WALSH: Yes, I mean, there's no hope of that. I think that we were told in the very beginning of this, if I remember correctly, in February, March, that the virus would have a lifespan and by the summer we die out and while we're in the summer and we've had -- we haven't had a heat wave in Boston, but we've just had seven or eight very warm days and the virus is very much alive, not just here in Boston, but throughout the country.

And, unfortunately, until a scientist or doctor tells me that the virus -- when the virus might end its cycle, I'll believe that. And unfortunately, we keep hearing from everyone, every expert, is that we're in desperate need of having a vaccine here to combat this virus. ACOSTA: And one expert at Boston Medical Center warns this weekend could be the perfect storm for a spike in new cases. People are going to be out, they're going to be barbecuing, they're going to -- some will be tempted to go to parties and watch fireworks and so on. What is your message to Bostonians as your great city has into this Fourth of July holiday?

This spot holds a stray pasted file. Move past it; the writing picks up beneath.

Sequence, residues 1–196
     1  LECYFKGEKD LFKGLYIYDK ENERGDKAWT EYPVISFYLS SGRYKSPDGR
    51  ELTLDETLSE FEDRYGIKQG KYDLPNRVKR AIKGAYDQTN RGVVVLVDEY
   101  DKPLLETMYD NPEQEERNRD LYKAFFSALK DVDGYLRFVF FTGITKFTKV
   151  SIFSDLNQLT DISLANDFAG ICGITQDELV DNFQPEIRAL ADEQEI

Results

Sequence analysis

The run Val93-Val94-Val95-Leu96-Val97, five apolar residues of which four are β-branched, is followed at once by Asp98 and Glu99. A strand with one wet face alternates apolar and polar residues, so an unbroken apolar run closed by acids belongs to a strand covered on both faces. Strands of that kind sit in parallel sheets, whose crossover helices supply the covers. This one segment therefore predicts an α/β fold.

WALSH: You know, we've done a lot of work here. When I say we not just, myself and elected officials, but the community has done a lot of great work here in keeping our rates down, our cases down. And I'm asking you as this weekend comes on, comes and goes, do the same, social distance, physical this, wear mask, no large gatherings. No -- this year is not here for cookouts.